Acting legend Ralph Fiennes said his career hasn’t lost its novelty – and he still feels “a delight” when invited to be in a film.
Fiennes spoke exclusively to The Big Issue in A Letter To My Younger Self, where he confessed that the 16-year-old Fiennes would not have believed the opportunities he has access to.
Fiennes said: “At 16 my passions were girls, a half-hearted attempt to learn karate and an equally half-hearted interest in punk rock… My mum sewed my jeans über-tight and I had a scraggy haircut that wasn’t a Mohican, it was a weird mess of a crop. I didn’t know what I was doing. I straddled somewhere between The Stranglers and David Bowie.”
“I was a bit of an outsider,” he continued: “My younger self would not believe if they were told this is what you would achieve. That younger person would go, No, really? No, I don’t believe you. They would be thrilled and delighted that these opportunities have come my way.”
Fiennes commented: “When it comes to his love life, I would advise my younger self to have the courage to be honest in whatever situation. Don’t lie, don’t deceive. And do your best not to hurt people. Oh god, there is lots of advice. Know when to walk away is one, don’t hang around in a needy way. Get out.
I also hope to work with Wes Anderson again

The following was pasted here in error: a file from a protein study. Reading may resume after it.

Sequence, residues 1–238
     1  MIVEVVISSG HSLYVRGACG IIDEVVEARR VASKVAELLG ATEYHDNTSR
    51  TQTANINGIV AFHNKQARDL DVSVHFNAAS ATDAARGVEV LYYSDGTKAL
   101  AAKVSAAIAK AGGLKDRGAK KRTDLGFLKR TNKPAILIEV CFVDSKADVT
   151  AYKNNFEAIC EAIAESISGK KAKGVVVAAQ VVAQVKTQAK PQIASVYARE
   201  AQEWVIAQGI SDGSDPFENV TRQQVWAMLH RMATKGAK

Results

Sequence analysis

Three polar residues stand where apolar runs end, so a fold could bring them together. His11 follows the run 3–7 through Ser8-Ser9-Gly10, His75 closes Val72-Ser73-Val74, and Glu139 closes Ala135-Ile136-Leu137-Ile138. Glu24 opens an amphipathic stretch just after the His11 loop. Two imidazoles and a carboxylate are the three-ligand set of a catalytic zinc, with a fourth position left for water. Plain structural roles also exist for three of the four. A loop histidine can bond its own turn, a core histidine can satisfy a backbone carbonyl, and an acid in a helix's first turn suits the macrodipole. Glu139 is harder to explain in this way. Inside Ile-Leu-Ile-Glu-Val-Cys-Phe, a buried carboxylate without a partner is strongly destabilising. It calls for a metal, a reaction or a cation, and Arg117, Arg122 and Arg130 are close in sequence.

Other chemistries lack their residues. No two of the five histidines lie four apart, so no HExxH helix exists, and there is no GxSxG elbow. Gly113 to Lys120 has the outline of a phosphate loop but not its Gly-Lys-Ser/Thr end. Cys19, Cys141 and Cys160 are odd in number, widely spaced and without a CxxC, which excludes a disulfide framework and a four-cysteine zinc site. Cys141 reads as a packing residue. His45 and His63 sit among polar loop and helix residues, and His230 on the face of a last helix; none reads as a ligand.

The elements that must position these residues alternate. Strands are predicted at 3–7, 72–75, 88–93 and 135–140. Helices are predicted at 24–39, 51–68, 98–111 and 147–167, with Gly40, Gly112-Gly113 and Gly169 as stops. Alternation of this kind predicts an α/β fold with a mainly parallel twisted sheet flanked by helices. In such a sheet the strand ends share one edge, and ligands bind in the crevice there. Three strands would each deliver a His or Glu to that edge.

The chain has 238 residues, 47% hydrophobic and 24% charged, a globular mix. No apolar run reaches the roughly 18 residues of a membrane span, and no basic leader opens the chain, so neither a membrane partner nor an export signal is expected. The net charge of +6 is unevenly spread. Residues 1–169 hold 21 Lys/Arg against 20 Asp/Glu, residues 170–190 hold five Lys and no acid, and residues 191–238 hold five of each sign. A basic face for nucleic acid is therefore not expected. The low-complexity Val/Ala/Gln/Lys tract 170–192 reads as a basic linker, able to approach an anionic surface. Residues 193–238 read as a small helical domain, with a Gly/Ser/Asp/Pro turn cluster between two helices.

Sometimes there is a sadness that collaborations are not repeated. I loved working with Steven Spielberg on Schindler’s List all those years ago. That was thrilling… I hope one day I might be invited to do something with him again. I also hope to work with Wes Anderson again – we have talked about collaborating again, so that might happen and I would also love to work with Luca Guadagnino because I loved A Bigger Splash.”
He concluded: “Have the courage of your own convictions and have the courage to speak your mind, which is sometimes harder than it might sound. That is the main thing I would tell my younger self. But be open to other people’s opinions. Listen. And be alert to the continuous journey of believing in yourself while being open to others without betraying your own conscience. That is what I would say. It is the continuous alertness. Don’t be complacent.”
The Schindler’s List and Grand Budapest Hotel star also said he would tell his younger self to have the courage to speak his mind – something that is “sometimes harder than it might sound”, he confessed.
“But be open to other people’s opinions,” he continued. “Listen. And be alert to the continuous journey of believing in yourself while being open to others without betraying your own conscience.
“It is the continuous alertness. Don’t be complacent.”
Read the full interview in this week’s Big Issue.